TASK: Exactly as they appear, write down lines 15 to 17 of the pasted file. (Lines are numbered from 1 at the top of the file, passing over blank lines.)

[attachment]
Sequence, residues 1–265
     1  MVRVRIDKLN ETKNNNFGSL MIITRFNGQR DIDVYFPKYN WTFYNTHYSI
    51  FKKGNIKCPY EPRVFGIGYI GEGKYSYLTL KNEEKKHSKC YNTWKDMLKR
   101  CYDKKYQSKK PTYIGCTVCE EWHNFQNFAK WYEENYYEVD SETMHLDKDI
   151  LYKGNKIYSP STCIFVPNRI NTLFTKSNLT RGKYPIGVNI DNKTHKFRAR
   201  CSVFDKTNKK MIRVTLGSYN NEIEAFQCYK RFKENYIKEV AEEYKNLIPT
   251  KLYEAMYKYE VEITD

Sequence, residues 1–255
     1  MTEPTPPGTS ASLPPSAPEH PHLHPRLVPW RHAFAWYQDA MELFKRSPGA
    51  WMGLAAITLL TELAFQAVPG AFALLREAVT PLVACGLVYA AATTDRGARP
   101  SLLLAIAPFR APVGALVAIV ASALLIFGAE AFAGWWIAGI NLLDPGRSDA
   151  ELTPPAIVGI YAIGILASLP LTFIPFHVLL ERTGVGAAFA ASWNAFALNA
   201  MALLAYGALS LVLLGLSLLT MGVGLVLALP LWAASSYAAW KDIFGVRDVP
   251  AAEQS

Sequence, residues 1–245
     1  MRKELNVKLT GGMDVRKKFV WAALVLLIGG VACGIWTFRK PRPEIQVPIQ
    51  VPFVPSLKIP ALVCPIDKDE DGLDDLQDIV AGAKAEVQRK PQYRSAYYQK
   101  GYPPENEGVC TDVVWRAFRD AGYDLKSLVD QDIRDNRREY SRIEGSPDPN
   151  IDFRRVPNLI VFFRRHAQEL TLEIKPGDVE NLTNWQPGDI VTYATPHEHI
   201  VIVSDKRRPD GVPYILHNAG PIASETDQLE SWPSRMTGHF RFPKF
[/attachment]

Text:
Sequence, residues 1–245
     1  MRKELNVKLT GGMDVRKKFV WAALVLLIGG VACGIWTFRK PRPEIQVPIQ
    51  VPFVPSLKIP ALVCPIDKDE DGLDDLQDIV AGAKAEVQRK PQYRSAYYQK